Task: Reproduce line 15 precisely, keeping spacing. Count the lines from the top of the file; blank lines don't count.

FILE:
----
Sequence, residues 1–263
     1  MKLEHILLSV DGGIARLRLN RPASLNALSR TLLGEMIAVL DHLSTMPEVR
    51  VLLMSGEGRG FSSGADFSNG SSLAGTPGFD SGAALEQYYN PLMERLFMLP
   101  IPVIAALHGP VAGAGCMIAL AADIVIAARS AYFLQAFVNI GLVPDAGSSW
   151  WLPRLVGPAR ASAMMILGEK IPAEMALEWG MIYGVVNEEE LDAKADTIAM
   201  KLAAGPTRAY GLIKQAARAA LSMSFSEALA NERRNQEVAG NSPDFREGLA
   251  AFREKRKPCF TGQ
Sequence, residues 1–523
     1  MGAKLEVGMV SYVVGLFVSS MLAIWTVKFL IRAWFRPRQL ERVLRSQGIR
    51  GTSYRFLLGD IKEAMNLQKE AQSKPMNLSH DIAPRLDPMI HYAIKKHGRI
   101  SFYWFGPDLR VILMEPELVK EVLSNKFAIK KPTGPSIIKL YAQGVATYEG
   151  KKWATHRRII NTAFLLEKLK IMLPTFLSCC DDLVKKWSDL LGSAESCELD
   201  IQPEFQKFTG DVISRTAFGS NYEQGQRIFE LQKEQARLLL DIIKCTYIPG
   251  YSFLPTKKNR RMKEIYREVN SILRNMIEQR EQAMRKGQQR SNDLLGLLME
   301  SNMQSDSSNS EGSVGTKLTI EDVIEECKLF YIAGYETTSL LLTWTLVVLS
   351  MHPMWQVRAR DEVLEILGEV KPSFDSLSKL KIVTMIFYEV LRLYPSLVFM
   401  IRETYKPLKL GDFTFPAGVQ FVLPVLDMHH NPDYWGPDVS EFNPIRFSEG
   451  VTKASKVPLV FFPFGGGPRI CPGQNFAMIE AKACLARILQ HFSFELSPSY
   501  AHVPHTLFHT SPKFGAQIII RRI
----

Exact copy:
   301  SNMQSDSSNS EGSVGTKLTI EDVIEECKLF YIAGYETTSL LLTWTLVVLS